Characterization of Mycobacterium orygis as M. tuberculosis Complex Subspecies - Vol. 18 No. 4 - April 2012 - Emerging Infectious Disease journal - CDC
Table of Contents
Volume 18, Number 4–April 2012
Volume 18, Number 4—April 2012
Characterization of Mycobacterium orygis as M. tuberculosis Complex Subspecies
Traditionally, the Mycobacterium tuberculosis complex comprises tubercle bacilli of 8 distinct subgroups: M. tuberculosis, M. africanum, M. canettii, M. bovis, M. caprae, M. pinnipedii, M. microti, and M. mungi (1–4). Two other distinct branches of the M. tuberculosis complex phylogenetic tree exist, the dassie and oryx bacilli, causative agents of tuberculosis in the animal species after which they are named. Neither has been validly described as separate taxa, nor have they been associated with disease in humans (1–4).
AbstractThe oryx bacilli are Mycobacterium tuberculosis complex organisms for which phylogenetic position and host range are unsettled. We characterized 22 isolates by molecular methods and propose elevation to subspecies status as M. orygis. M. orygis is a causative agent of tuberculosis in animals and humans from Africa and South Asia.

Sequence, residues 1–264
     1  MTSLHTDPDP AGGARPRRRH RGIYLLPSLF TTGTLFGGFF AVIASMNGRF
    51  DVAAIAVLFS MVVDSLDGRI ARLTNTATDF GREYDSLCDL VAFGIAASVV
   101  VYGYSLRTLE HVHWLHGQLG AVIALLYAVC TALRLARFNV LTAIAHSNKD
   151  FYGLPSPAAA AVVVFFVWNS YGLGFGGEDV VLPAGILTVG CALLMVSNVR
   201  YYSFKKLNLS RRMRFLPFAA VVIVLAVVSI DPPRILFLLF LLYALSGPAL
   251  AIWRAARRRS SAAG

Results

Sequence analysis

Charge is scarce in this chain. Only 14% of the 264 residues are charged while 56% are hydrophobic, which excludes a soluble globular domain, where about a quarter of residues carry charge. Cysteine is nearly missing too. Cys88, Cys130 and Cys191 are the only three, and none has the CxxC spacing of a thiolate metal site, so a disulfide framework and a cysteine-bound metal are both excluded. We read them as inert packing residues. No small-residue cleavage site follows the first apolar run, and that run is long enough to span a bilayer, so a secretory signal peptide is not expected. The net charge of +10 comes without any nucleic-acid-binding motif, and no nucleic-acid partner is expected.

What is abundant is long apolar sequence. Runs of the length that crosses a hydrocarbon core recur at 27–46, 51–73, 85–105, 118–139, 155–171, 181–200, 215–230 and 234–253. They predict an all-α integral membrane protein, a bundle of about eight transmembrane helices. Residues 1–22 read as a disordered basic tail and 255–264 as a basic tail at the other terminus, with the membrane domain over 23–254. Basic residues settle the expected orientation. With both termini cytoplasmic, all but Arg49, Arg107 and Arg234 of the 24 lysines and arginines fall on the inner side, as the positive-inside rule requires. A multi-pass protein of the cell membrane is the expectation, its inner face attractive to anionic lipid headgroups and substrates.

Oryx bacilli have been isolated from members of the Bovidae family, i.e., oryxes, gazelles (3), deer, antelope, and waterbucks (5), although their exact host range remains unsettled. No human disease caused by the oryx bacilli has been reported. These bacilli most likely constitute a separate phylogenetic lineage; however, their exact position has not been established with valid phylogenetic markers, such as large genomic deletions or single nucleotide polymorphisms (SNPs). To settle the phylogenetic position and host range of the oryx bacilli, we collected all oryx bacillus isolates from our laboratory database to establish their sources and subjected the isolates to extended phylogenetic analysis.